+ Did You Healthy Eating Know? Tip of the Month: • Dietary guidelines Does Sugar recommend added sugar intake to be <10% of Feed daily calories. • The average American Cancer? consumes over 300 calories per day from sugar. That’s about 20 teaspoons daily. • Teens and men have the highest sugar intake. • 1 teaspoon of sugar is equal to 16 calories.
What Role Does Sugar Play in the Body?
Lately, there have been a lot of questions and speculations concerning sugar consumption and cancer risk. While researchers are working on finding any such connection between the two, it is important to remember the role sugar plays in the body. Carbohydrates and sugar break down into glucose, a.k.a. blood sugar.
Glucose travels to the cells of the body where it is converted to energy & used to carry out various functions such as muscle contraction & temperature regulation. While some organs can also use protein and fat for energy, red blood cells and the brain exclusively use glucose for energy so a certain amount of carbohydrate intake is necessary for normal brain and bodily function.
Does Type of Carbohydrate Make a Difference?
Carbohydrate intake affects blood sugar levels. Simple carbohydrates like table sugar, syrup, honey, jams/jellies, fruit/soft drinks, and candies are rapidly digested and increase blood sugar levels very quickly.
Complex carbohydrates are commonly found in foods such as whole grains, starchy or green vegetables, beans, & lentils. These foods take longer to digest and create a slow rise in blood glucose levels, which is preferable. A fast increase in blood sugar causes a rapid increase in insulin, which is the hormone responsible for allowing glucose to enter cells. High insulin levels cause glucose levels to quickly fall, which can then cause you to feel hungry again, prompting you to take in more calories.
Consistently high insulin levels can also cause cells to become resistant to insulin, meaning glucose levels stay higher for longer periods. High glucose levels, overweight/obesity, and inactivity can all increase the risk for diabetes and heart disease. Research has linked diabetes and obesity to cancers of the liver, pancreas, endometrium, colon and rectum, and bladder. To help reduce the risk of Type 2 Diabetes, heart disease, and help with weight management, studies have shown a benefit to following a low-glycemic index diet, which is described on the next page.
A Closer Look at the Glycemic Index
The glycemic index (GI) is a ranking of foods on a scale of 0-100 according to how much they raise blood sugar levels. High-GI foods are digested rapidly and raise blood sugar levels quickly whereas low- GI foods are more slowly digested and produce a gradual raise in glucose and insulin levels in the blood. Products with sugar, corn syrup, molasses, and hidden sugars (ingredients ending in -ose) usually indicate a high-GI food. The less processed a product is, the lower the GI will be. These foods usually have more fiber, which helps to delay digestion and also contain more vitamins, minerals and cancer-fighting phytochemicals.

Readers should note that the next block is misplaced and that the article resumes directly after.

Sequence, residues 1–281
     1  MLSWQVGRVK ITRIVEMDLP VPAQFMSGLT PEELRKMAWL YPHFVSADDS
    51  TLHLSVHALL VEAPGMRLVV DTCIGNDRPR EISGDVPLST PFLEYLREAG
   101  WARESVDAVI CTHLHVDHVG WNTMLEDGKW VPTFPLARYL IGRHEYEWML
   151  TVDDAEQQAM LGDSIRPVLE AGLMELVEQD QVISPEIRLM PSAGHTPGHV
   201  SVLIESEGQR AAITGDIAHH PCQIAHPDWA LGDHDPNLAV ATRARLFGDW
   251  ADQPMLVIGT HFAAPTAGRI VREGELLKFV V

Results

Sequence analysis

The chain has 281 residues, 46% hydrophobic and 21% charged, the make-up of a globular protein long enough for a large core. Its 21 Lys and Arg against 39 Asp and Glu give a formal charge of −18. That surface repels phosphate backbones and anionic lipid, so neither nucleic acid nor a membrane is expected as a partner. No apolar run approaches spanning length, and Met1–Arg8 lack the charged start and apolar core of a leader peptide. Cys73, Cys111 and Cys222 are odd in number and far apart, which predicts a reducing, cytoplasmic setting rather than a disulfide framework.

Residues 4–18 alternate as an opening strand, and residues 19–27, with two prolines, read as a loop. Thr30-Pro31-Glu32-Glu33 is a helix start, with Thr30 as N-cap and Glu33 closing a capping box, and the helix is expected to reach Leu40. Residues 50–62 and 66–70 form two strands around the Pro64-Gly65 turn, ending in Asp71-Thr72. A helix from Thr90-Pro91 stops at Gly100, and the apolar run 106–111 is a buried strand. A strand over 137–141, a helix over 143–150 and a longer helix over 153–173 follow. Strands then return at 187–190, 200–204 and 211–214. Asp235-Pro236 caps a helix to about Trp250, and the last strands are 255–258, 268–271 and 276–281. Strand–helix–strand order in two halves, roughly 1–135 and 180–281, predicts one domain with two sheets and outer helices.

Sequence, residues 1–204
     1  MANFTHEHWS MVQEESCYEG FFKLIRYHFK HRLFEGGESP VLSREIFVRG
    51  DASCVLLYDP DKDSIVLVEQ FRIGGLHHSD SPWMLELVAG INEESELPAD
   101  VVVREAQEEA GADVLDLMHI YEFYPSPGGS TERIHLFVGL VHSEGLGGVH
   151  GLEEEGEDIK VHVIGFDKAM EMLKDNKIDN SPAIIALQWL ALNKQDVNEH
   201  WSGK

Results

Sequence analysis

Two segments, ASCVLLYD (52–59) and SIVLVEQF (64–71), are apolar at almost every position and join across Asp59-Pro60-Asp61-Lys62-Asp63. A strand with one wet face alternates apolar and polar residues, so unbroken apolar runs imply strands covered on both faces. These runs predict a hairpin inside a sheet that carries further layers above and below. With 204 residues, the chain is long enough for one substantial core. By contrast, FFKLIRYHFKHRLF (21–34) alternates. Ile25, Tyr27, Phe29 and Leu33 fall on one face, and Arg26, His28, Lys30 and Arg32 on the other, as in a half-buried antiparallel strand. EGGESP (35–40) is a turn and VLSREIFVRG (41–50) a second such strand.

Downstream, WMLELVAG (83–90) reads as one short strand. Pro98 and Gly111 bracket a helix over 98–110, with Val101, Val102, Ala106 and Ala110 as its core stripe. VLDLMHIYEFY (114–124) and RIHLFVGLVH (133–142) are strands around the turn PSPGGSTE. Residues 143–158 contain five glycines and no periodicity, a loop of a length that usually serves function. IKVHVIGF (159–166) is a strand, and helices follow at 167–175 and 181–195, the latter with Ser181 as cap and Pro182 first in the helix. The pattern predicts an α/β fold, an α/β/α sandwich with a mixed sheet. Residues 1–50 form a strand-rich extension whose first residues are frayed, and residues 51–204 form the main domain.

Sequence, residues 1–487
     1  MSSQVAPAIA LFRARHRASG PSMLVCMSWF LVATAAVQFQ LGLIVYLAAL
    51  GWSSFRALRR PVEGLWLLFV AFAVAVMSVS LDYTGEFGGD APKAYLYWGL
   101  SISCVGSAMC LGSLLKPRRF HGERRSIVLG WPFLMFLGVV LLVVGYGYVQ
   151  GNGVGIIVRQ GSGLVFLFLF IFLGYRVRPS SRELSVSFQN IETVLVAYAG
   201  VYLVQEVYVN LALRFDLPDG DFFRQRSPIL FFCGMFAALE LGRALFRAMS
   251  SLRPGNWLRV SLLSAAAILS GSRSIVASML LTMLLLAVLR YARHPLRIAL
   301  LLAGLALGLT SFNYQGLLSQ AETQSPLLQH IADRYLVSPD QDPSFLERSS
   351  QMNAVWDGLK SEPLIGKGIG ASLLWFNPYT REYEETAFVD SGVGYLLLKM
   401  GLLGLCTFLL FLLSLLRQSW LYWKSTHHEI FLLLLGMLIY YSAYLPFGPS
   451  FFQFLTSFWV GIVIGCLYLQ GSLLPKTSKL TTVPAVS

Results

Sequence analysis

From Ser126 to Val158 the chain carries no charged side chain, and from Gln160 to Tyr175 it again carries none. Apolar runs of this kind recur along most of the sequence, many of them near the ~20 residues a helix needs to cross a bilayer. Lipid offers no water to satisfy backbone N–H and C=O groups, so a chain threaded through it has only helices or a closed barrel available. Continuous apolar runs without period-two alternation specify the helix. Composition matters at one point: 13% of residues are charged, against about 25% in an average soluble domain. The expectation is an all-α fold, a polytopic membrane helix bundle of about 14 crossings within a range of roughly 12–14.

Sugary beverages like pop, energy or sports drinks, & sweetened teas/coffees are considered high- GI products. These drinks are high in calories so they can cause weight gain if consumed often. Better beverage choices include water, unsweetened tea, vegetable juices, and milk since they have a low GI and contain other nutrients. Remember to opt for whole fruits & vegetables as they offer more fiber, cause less of an increase in blood sugar, and help to control hunger better than juice forms.
For more information on the glycemic index, please visit www.glycemicindex.com.
Many “diet” or “low-calorie” products use non-nutritive artificial A Word sweeteners in place of natural sugar because they don’t contain calories. About Artificial sugars have the potential to help with weight control and diabetes since these products are low-calorie and do not raise blood sugar levels. Artificial However, some research suggests that consuming artificial sugars may be Sugars associated with weight gain because they can cause a pseudo-effect that releases insulin into the blood as the body believes glucose levels will be rising. With no glucose for the uptake, the body may be led to feel hunger and cause you to eat more in order to replenish that glucose. There have also been questions regarding artificial sugars and cancer, but according to the National Cancer Institute, there is no sound scientific evidence linking the two. The Food and Drug Administration regulates artificial sugars and has provided acceptable daily intake levels for safe consumption.
Pulling It All Together: +• Maintain a healthy weight: Limit excessive abdominal fat to reduce insulin resistance and risk of diabetes and heart disease.
• Get up and MOVE! Exercise is a great way to decrease insulin resistance and, when paired with an overall healthy diet, can help you maintain a healthy weight. Go for a walk, go bike riding, mow the lawn – do something that gets your heart rate up!
• Balance total carbohydrate intake: Find foods that have a lower GI since these foods usually have additional nutritional benefits. Pair carbohydrates with lean protein to help increase satiety and control appetite.